Venus and Serena Williams

It’s still July 4th in America as I write this post and I wish you all a very, very happy day and thank you for being so inspirational, open and warm-hearted:

i carry your heart(i carry it in my heart)

ee cummings

Festival of Bridges #15 ~ Irish-American Connections

The connections between Ireland and America are immense and I can’t but think of them when bringing you Rod Figaro’s contribution to The Festival of Bridges.

Rod is a professional photographer, based in New York, and you can find his excellent website here. Bridges feature a lot in Rod’s work and when I asked him about this he said:

As for my fascination for bridges, particularly the ones in New York, their sheer sizes alone can easily capture your attention, and one can never get used to that.

Here is the magnificent photograph that he sent me:

Brooklyn Bridge, New York
Brooklyn Bridge, New York

For years, as I’ve stood on the Promenade here in Tramore, I’ve felt that Brooklyn Bridge and America were what were glittering on the horizon at the other side of the Atlantic Ocean.  By sheer coincidence, we now have a bustling beachfront restaurant on the Prom, called Brooklyn, with the bridge logo!

Brooklyn Cafe, Tramore, Co. Waterford.

It would be impossible for me to leave Rod Figaro’s photograph of Brooklyn Bridge without highlighting the extent to which it is a bridge with a huge connection to poetry.  Here are a few lines from the great Walt Whitman poem “Crossing Brooklyn Ferry” which celebrates the exact spot where Brooklyn Bridge, which was completed in 1883, now stands.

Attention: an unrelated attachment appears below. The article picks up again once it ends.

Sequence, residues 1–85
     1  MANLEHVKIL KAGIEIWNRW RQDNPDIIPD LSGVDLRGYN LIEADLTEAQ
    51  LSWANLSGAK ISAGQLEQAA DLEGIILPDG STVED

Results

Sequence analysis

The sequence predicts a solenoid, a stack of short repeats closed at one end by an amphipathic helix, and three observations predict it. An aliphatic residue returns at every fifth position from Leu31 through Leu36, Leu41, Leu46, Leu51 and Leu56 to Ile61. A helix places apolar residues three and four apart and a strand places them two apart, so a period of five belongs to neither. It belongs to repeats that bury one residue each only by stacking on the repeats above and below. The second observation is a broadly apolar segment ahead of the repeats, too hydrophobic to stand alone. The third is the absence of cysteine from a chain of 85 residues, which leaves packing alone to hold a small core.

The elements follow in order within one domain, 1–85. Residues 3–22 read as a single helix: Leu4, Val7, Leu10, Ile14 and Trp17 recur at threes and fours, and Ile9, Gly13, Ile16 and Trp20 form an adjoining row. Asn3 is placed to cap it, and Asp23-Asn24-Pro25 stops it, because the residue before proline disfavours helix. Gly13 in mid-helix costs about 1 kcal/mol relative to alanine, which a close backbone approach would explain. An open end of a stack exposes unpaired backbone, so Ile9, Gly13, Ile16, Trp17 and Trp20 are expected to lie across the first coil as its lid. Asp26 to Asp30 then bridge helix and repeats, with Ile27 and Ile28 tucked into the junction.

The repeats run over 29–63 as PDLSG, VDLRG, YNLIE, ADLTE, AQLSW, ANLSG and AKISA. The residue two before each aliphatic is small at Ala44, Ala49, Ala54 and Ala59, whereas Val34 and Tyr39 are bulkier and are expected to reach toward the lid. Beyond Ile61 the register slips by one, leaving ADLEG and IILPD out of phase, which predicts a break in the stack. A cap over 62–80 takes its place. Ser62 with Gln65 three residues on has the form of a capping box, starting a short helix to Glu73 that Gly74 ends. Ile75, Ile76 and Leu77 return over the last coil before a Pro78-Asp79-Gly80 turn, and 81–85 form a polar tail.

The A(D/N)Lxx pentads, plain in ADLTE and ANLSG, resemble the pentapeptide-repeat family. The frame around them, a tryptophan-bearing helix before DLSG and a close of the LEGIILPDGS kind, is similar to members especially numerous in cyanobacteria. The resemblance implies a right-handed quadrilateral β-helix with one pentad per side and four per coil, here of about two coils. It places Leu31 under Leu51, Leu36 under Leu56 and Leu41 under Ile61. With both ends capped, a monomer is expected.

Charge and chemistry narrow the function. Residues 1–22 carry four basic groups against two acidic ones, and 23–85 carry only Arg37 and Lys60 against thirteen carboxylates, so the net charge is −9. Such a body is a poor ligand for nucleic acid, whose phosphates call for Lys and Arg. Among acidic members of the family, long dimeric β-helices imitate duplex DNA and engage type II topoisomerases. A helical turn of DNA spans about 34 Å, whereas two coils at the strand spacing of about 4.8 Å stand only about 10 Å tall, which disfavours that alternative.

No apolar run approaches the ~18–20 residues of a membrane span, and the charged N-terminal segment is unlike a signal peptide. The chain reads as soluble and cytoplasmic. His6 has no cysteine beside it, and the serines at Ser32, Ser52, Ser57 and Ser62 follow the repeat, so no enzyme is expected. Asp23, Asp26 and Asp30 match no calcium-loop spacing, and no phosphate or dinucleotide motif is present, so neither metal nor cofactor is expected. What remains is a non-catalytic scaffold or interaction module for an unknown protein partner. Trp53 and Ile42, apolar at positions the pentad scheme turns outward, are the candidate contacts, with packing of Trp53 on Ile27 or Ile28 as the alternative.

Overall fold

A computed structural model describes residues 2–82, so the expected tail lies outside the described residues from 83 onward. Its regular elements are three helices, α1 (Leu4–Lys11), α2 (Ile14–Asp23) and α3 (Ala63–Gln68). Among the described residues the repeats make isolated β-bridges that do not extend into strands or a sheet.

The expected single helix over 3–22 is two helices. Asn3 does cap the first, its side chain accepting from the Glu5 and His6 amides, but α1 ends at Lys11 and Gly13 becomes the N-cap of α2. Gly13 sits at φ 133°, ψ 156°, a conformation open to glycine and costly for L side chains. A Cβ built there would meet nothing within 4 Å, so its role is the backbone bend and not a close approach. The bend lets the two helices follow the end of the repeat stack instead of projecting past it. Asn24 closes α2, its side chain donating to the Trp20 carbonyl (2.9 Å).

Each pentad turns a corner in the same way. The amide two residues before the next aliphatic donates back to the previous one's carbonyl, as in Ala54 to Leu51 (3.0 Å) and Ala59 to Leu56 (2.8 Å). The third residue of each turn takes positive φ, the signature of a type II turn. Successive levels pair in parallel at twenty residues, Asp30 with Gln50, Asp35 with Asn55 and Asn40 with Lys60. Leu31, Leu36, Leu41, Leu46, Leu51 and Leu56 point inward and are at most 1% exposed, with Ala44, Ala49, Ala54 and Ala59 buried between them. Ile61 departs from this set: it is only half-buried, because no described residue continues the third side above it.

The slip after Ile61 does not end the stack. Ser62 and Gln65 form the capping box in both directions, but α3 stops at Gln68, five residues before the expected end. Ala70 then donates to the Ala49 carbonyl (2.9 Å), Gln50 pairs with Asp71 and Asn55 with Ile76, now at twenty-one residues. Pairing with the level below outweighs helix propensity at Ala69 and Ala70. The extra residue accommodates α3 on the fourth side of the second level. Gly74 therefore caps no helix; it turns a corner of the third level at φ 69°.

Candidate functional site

The current rushing so swiftly, and swimming with me far away;
The others that are to follow me, the ties between me and them;
The certainty of others–the life, love, sight, hearing of others.

Others will enter the gates of the ferry, and cross from shore to shore;
Others will watch the run of the flood-tide;
Others will see the shipping of Manhattan north and west, and the
heights of Brooklyn to the south and east;
Others will see the islands large and small;
Fifty years hence, others will see them as they cross, the sun half an
hour high;
A hundred years hence, or ever so many hundred years hence, others
will see them,
Will enjoy the sunset, the pouring in of the flood-tide, the falling
back to the sea of the ebb-tide.